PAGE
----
CAN YOU describe the kind of harassment and abuse that people have been facing?
Veena: The types of things we see in the Bay Area really vary. There's the very common story of FBI agents coming to people's homes early in the morning. Sometimes they do it politely, knocking on the door, saying, "We just want to talk to you." And sometimes they do it really aggressively, either with or without a search warrant, knocking loudly on the door and saying, "Police, open up!"
In the case of one of our clients, they aggressively made their way into his home and asked him for his identification. The whole time he went to retrieve it, they kept their hands on their guns.
But even when an FBI agent is polite, it doesn't mean that the individual being interviewed should be less cautious. One client of ours had a cordial relationship with an FBI agent over a period of years to the point that he considered the agent a friend. The client ended up on the no-fly list, and we believe he may have been put there because he refused to be a paid informant.
In addition to going into people's homes, agents will visit their places of work. Sometimes they'll come repeatedly, especially if the person was willing to talk the first time. We've also had cases of people approached on campuses by the FBI. Really, it seems they're just on fishing expeditions to get as much information as possible.
Those are individual cases, but we also know that FBI agents often attend community events. They get themselves invited and get tickets, or they come uninvited. They were recently undercover at a talk given by local playwright Wajahat Ali, who wrote The Domestic Crusaders, which is about the experience of Muslims in America. We have received complaints from the community that they have also gone undercover to events at schools with a majority of Muslim students.
IF THEY'RE undercover, how do you know they're there?
Veena: Sometimes we know they're there because they've approached other people from the community before a community event. Those people then say to us, "The FBI agents I talked to the other day were here." That's how we find out the majority of the time.
Those in favor of the increased surveillance say, "What's the big deal? This community is more likely to know about 'terrorists' than other communities. It's just a minor inconvenience for them to talk to the FBI."
But it's much more than an inconvenience. When a worker is visited at his place of employment, and they come and say, "We're the FBI, Muhammed isn't in trouble, but we just want to talk to him," it sends a message to everyone else that works there that people should be wary of Muhammed. It stigmatizes him and affects the way he's perceived and treated at work.
To give you an example of how afraid the community is right now, sometimes mosque members are weary of our coming to do a workshop for them. It shows what a state of siege this community is under that they're afraid of having a civil rights organization advising them of their legal rights, because they think it makes them more vulnerable or might catch the eye of the FBI.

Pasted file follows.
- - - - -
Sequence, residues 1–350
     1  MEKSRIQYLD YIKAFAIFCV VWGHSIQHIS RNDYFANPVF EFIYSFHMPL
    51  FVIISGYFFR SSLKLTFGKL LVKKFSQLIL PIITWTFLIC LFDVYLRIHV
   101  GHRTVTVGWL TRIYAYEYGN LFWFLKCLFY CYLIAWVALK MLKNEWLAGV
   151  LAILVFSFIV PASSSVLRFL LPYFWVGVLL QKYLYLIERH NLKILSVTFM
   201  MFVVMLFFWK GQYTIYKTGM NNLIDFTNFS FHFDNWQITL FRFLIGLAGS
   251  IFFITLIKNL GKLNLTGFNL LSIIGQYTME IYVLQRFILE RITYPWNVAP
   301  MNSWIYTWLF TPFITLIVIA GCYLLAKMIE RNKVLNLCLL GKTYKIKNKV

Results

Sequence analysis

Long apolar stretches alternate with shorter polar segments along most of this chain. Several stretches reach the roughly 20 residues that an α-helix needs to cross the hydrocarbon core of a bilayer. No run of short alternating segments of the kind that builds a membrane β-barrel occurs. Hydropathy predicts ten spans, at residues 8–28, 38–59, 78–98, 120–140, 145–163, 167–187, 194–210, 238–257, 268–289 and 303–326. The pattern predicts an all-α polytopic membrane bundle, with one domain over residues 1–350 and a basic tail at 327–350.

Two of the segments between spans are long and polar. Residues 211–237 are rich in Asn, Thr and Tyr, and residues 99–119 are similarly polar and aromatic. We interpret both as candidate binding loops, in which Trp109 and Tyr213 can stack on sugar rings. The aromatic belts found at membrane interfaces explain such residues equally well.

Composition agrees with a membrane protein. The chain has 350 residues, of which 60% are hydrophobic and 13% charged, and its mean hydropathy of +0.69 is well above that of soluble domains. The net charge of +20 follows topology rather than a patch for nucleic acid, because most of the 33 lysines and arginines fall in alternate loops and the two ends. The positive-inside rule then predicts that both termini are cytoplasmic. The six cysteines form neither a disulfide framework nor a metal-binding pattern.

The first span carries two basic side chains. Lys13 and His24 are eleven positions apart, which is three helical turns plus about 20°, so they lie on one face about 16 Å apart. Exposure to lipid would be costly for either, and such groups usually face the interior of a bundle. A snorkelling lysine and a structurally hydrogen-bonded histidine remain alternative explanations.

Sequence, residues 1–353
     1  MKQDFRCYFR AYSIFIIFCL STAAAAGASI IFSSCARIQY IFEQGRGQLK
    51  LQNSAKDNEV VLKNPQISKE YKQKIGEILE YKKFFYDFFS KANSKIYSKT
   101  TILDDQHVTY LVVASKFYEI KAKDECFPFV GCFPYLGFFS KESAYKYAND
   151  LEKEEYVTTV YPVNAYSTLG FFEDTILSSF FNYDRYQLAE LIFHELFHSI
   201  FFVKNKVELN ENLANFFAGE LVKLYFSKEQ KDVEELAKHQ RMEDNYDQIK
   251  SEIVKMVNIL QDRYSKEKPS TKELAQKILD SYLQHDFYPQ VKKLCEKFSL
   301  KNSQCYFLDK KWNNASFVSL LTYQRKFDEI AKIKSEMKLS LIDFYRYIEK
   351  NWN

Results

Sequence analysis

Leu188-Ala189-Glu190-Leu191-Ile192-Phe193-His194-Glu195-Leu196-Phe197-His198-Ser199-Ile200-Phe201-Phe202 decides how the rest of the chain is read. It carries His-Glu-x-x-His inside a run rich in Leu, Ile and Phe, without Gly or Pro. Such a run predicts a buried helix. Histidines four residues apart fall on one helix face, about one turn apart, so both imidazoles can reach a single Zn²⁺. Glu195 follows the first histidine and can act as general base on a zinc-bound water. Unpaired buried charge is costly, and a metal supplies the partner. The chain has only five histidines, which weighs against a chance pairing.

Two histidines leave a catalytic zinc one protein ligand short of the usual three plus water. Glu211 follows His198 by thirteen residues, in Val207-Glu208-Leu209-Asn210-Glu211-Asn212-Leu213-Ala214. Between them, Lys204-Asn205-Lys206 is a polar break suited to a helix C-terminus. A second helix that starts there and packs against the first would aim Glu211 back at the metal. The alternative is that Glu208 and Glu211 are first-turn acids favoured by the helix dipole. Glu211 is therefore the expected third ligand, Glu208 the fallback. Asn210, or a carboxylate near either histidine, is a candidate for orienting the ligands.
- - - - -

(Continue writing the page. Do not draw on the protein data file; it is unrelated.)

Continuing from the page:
IS THERE a consensus among community leaders around cooperating or not cooperating with the FBI?
Summer: There's a strong split, with a lot of people feeling that it will benefit the community to cooperate. I think working at the Asian Law Caucus gives an interesting perspective because of the parallel between the experiences of Japanese Americans during the Second World War and Muslim Americans today.
Fred Korematsu was one of the few Japanese Americans who wanted to fight back against the internment process. Most of the leaders of the Japanese American community at the time didn't want to make any waves–they went along with being rounded up, being put in concentration camps and cooperating with law enforcement They thought it was a way to prove their loyalty or a way to prove they belonged to America.
As a Muslim American, I see the same pattern today. A lot of the community is really upset that their loyalty to their country is being questioned. They see cooperation with law enforcement as a way to prove, "We are American, this is our country too; we want to work with the FBI, and we'll be the first people to report any problems."
But when the abuse starts escalating, the split widens. When there are informants in the community tracking people, when there are innocent people imprisoned and lives destroyed, more leaders begin to say, "There has to be a line here. We'll be the first people to report crimes, but we also want to be treated equally like everyone else."
IF SOMEONE is approached by an FBI agent, what do you advise people to do?
Veena: One, don't talk. You are under no obligation to talk to anyone. Two, if you really must talk, you should only do so with your attorney present. You don't want to talk to an FBI agent without an attorney because an FBI agent can lie to you. But if you lie to them or misspeak–say, you give a wrong date that you traveled, and it's somehow relevant to their investigation–then that's a crime that you may very well be put in jail for.